Getting rid of the Ghost People

child soldierPatrick became a child soldier at the age of 13. He was abducted by Ugandan rebels, who kept him for 3 years.

Schultz and Weisaeth (2015) describe Patrick’s story, his mental health problems, and his treatment, a local cleansing ritual. They conclude that the ritual is safe, effective, and perhaps even more powerful than Western-style therapy. That sounds fascinating and important, right?

In interviews Patrick told about his experiences, including an attack on a convoy:

“Everybody was screaming…The road was all red from the blood… My body was shaking, but I managed to appear calm. If not they would have killed me. The next day I experienced the Ghost People for the first time. I could see them get chopped up and sliced apart with axes. I saw the same scenes over and over again.”

The Ghost People only showed up when Patrick was alone, and scared him enormously. He also suffered from concentration problems and sleeping difficulties. He was clinically depressed and had moderate to severe PTSD.

When his nightmares were occurring twice a week and he saw the Ghost People every day – about 8 years after the convoy attack –, he stated that his life was ruined. He wanted to do a cleansing ritual.

Fast forward to the ritual: it was a 3-day event that involved the whole village. It was led by a medicine woman. I show a few quotes to give you a sense of the ritual but I’d highly recommend reading the full description because it’s very rich in detail and well written.

“The singing continued in the constant rhythm and increasing intensity…There was a magical and hypnotic atmosphere that was gradually built up and varied in tempo and intensity. It was carefully and skilfully conducted.”

“On the second day, the black cock was held by its legs by the leader of the elders and swung three times around Patrick’s head while the leader communicated with the spirits: ‘You receive this offering in your name. Let the spirit and the blood of this bird cleanse our son so he can live with his whole soul inside him, so that he once again can live a normal life.’”

“Shortly after, the medicine woman came up behind him and stuck a spear several times into the belly of the goat. The blood pulsated out of the white goat and poured down Patrick’s bare back while the goat screamed and resisted violently. The singers screamed to the steady rhythm of the drums as the goat convulsed for a final time while its life slowly faded out and the stream of blood subsided. The spirits followed the blood, so they were then free to leave for their own spirit world.”

Over a period of two months after the ritual, the medicine woman came twice a week to ask Patrick how he was doing, and then once a month for the next 7 months. She also gave him a herbal treatment.

The frequency of severe nightmares showed a steep decline. He continued to have symptoms of depression for a while, related to the realities of living in a post-conflict area, but he gradually recovered. Eventually, he was diagnosis-free. Patrick’s mother said that she had her old son back.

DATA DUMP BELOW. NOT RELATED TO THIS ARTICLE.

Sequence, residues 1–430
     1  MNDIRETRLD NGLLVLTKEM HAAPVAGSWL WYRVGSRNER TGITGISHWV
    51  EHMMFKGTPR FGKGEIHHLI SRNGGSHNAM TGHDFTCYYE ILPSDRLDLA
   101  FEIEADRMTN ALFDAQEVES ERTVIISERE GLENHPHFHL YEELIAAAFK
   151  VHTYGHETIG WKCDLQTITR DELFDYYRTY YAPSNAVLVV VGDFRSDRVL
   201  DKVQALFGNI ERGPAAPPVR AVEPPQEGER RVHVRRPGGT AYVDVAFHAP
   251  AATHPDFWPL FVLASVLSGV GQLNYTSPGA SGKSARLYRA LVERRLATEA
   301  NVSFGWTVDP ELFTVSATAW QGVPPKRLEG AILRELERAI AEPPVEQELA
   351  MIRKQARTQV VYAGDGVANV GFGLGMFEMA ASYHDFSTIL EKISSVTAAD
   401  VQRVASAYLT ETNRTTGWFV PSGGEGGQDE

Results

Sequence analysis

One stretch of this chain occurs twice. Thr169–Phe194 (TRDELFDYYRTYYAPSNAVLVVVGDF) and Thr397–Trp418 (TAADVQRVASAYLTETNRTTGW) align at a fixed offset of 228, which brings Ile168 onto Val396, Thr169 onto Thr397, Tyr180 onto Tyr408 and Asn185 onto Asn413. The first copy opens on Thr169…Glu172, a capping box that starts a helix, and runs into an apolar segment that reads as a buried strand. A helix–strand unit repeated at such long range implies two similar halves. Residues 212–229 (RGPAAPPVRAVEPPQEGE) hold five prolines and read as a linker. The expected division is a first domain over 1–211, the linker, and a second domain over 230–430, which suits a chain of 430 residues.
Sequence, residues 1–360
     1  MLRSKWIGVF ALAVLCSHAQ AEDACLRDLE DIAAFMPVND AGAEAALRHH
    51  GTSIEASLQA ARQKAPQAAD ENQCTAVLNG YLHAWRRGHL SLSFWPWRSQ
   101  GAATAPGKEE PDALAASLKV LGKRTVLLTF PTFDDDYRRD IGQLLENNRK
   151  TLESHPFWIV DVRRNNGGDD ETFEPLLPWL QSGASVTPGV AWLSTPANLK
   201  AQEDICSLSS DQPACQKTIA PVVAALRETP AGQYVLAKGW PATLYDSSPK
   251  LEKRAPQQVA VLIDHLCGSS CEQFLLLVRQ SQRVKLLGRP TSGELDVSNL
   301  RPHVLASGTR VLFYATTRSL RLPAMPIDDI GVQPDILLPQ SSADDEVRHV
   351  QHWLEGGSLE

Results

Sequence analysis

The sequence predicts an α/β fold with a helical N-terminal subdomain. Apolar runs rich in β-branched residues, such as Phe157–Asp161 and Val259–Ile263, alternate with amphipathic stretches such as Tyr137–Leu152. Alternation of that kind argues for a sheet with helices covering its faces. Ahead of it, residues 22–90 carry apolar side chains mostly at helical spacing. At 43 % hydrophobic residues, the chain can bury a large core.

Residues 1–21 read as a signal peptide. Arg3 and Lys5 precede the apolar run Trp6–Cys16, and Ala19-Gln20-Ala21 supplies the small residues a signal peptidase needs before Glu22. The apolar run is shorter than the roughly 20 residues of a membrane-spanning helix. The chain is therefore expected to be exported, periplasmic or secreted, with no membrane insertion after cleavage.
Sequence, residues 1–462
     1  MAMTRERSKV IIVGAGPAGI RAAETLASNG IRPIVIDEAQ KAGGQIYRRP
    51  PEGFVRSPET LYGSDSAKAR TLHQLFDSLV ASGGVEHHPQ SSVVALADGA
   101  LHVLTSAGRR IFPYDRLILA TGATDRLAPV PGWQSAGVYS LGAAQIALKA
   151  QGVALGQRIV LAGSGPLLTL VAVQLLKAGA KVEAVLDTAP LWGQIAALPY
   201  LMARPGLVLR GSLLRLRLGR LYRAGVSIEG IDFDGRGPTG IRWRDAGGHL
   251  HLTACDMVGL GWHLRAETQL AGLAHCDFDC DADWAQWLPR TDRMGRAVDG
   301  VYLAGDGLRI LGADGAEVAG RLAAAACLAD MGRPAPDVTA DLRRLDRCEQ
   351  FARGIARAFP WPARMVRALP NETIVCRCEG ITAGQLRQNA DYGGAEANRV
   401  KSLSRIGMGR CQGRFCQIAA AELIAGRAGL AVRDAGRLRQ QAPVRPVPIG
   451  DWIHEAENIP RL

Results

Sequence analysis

Schultz and Weisaeth observe that the process followed a common therapy structure with phases of assessment and motivation, treatment, and follow-up. However, the involvement of the whole local society was in stark contrast with Western-style therapies, and possibly very effective.

The elders used their authority to instruct the villagers to welcome back Patrick once the evil spirits had left him. They made it clear that Patrick was not to blame for his actions: the rebels had abducted him and he became possessed by evil spirits. This way the elders both broke the silence surrounding the murders and removed the stigma.

There was no direct exposure to the traumatic events in the ritual, but it provided indirect exposure through the staged violent killing of the white goat, with strong sensory stimuli. Schulz and Weisaeth argue that the symbolic exposure could have the power to initiate a therapeutic response.

There is a lot more to say on the various elements of the ritual, but one of the important conclusions of the authors is that we should be more serious about engaging in equal collaborations with traditional healers in emergency settings. Both in numbers and in culture, they are much more accessible to the population than Western-trained professionals.

Schultz, J., & Weisæth, L. (2015). The power of rituals in dealing with traumatic stress symptoms: cleansing rituals for former child soldiers in Northern Uganda Mental Health, Religion & Culture DOI: 10.1080/13674676.2015.1094780


On productivity

In 2015 I developed a program to help people be productive in a meaningful way. It goes for 6 weeks, is entirely online and flexible, but with some ‘whip cracking’ from my side to keep you going :-).

A new edition starts again on Monday 15 Feb. The testers were super enthusiastic about it, so I’d like to make it available widely. Would you mind sharing if you know someone who might be interested?



What's your view?

Fill in your details below or click an icon to log in: Logo

You are commenting using your account. Log Out /  Change )

Facebook photo

You are commenting using your Facebook account. Log Out /  Change )

Connecting to %s

This site uses Akismet to reduce spam. Learn how your comment data is processed.